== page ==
Contrary to the sleepy nature of the debut album Doris, Earl Sweatshirt’s show at The Metro was lively. Throughout he engaged with the audience directly, which enabled the audience to be more like peers rather than fans. Granted, it is Earl’s nature to be goofy and engaging. He was also joined by Vince Staples and Taco of Odd Future, the L.A. collective to which they all belong. Taco was DJing Earl’s set, while Vince Staples was rapping with Earl Sweatshirt. Even though Earl Sweatshirt was the headliner, they were performing together, and Vince Staples had more solo moments than Earl, displaying his spitting skills several times, often continuing to rap even though the beat ended.
Earl performed many of his tracks off his newly released album Doris and tracks from his mixtape Earl released in 2010. A new nameless track was also debuted from Vince Staples.
After opening with tracks from Earl, he moved into Doris. He got his biggest cheers for that.
All three of the performers on stage were on point, especially Vince Staples lyricism. People in the audience rapped along to Earl’s perfect spitting. Most of his tracks feature Vince Staples, so they were performed fully, but those that featured other rappers were often cut short after Earl finished his verses. Most notably when a fan shouted at Earl to perform “Sunday” from Doris, which he had already done, but was so brief it could have easily been missed. After giving the fan some joking flack for it, he moved on.
For die hard Earl Sweatshirt fans it may have been disappointing that tracks were constantly cut short, yet he performed old Earl tracks which made up for it. He closed with “Drop” from an Odd Future compilation mixtape, which was one of the highlights. He “only has 20 fucking songs” and breezed through them with ease.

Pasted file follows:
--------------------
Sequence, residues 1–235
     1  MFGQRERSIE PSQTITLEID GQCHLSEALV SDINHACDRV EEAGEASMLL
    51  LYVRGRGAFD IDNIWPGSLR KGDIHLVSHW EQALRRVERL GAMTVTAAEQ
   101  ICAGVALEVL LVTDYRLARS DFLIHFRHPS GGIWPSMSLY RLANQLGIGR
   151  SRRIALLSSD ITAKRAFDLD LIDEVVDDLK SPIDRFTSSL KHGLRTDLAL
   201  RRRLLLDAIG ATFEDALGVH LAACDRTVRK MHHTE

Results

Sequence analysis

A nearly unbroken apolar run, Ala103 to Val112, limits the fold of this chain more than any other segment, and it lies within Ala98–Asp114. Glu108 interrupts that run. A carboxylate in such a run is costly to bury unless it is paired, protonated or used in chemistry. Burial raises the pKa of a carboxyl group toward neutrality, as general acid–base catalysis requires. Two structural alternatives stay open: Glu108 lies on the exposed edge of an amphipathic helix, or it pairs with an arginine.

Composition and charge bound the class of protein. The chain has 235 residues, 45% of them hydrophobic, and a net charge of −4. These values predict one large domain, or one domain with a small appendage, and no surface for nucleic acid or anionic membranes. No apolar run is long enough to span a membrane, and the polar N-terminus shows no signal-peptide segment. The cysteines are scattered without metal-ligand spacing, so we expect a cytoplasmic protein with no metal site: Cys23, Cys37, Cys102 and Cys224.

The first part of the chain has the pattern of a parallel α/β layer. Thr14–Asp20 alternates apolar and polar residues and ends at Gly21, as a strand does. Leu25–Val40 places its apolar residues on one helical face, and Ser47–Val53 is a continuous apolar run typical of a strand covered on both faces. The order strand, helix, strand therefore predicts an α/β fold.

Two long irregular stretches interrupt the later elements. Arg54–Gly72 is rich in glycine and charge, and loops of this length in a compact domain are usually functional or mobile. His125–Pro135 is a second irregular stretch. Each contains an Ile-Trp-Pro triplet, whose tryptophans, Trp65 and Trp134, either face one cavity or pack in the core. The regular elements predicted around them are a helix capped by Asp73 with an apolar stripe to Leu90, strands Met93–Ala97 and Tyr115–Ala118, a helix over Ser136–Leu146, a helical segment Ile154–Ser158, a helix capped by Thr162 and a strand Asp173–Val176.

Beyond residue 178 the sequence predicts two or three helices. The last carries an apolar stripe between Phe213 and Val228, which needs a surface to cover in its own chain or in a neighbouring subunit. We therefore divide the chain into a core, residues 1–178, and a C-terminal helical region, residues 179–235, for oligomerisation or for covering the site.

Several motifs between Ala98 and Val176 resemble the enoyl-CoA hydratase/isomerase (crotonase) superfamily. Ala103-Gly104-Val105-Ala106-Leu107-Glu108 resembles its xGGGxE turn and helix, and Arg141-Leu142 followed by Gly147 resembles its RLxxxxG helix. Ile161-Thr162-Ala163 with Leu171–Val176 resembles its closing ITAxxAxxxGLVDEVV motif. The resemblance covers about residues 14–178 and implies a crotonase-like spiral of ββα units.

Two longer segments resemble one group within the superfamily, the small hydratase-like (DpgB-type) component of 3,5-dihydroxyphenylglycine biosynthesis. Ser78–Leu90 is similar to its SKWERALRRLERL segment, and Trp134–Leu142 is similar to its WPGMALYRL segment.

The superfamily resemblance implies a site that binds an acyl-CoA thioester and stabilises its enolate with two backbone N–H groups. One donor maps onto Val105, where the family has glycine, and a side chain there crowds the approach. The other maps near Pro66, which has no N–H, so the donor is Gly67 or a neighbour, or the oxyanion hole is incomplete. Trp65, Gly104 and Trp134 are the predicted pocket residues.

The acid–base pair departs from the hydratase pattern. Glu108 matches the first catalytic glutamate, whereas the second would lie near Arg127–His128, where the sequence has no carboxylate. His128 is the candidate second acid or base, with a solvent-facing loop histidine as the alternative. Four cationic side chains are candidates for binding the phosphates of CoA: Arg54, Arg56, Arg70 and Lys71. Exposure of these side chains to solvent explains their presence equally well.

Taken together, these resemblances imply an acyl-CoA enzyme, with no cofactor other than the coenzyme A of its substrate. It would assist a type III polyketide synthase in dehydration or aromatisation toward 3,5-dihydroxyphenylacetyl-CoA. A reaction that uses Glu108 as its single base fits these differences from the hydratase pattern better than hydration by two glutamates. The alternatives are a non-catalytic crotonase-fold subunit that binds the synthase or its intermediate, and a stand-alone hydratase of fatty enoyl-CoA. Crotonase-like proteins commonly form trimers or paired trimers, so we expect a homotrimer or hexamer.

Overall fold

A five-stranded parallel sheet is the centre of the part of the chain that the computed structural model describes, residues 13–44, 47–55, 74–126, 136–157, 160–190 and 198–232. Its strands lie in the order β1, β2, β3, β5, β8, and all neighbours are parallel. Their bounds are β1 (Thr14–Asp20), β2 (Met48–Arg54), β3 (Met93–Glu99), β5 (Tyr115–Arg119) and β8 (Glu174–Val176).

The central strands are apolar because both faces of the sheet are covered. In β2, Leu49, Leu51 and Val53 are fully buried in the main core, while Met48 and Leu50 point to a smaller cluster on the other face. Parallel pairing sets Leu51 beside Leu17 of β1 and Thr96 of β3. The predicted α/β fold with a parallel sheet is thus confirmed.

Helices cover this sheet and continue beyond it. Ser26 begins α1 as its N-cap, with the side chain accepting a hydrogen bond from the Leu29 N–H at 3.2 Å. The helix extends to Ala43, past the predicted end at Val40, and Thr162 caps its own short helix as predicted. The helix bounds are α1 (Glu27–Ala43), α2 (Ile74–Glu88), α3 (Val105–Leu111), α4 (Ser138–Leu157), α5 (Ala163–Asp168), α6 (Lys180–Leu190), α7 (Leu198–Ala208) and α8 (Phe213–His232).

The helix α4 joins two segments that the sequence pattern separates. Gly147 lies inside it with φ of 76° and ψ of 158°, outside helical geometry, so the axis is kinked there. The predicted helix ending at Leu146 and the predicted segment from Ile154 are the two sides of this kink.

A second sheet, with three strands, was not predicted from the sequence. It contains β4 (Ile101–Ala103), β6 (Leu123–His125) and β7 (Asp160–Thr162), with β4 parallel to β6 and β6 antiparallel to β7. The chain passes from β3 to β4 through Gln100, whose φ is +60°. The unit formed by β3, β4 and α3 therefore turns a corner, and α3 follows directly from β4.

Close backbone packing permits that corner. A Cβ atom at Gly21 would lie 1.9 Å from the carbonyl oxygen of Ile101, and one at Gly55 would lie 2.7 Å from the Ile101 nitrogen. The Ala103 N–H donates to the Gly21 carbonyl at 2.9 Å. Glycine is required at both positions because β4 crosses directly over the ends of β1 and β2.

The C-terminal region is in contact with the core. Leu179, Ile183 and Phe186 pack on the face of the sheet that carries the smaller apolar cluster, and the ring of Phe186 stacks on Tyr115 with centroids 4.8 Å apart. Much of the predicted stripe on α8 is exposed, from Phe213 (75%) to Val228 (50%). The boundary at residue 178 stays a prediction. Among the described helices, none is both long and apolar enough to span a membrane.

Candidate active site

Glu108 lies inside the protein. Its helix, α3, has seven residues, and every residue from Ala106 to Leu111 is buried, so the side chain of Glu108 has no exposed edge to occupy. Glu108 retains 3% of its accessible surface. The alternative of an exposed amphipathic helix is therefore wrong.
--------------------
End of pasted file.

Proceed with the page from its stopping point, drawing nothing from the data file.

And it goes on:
Even though the Earl mixtape is older and from before he really blew up, it was great that he performed so much from it.
Several crowd surfers got escorted out and a large hole in the crowd was full of moshers. On “Molasses” from Doris the audience chimed in full force on the line “I’ll fuck the freckles off your face, bitch” after being provoked by Earl to do so.
Odd Future has a huge following known for getting reckless at shows. After nearly every track Earl paused to acknowledge the numerous things thrown up on stage, most of which were single shoes. He kept cracking jokes about how people were throwing “nasty” shoes up on stage and threw them back. He did keep a Merrill sneaker and made fun of the kid who was now going to go home with one shoe.
He joked a lot. The kidding is what knocked over any pedestal that he was up on and broke all the walls. It felt like he was on stage because people like his music, so he will perform, and it all is just a fun privilege. Earl is easily a more chill performer than some of his Odd Future cohorts. Taco jumped of the stage flipping into the crowd a few times at the end of the show and crowd surfed.
The stage was decorated with a huge inflatable cartoon of Earl Sweatshirt’s head and a banner at the back that said DORIS in what looks like finger paint, all exemplary of Odd Future quirkiness.
Overall, Earl was himself on stage. It didn’t feel like a performance in the way most concerts do, but people were equally as enthused if not more. He is a normal kid with great rap skills; the show felt as though we were seeing genuinely Earl Sweatshirt.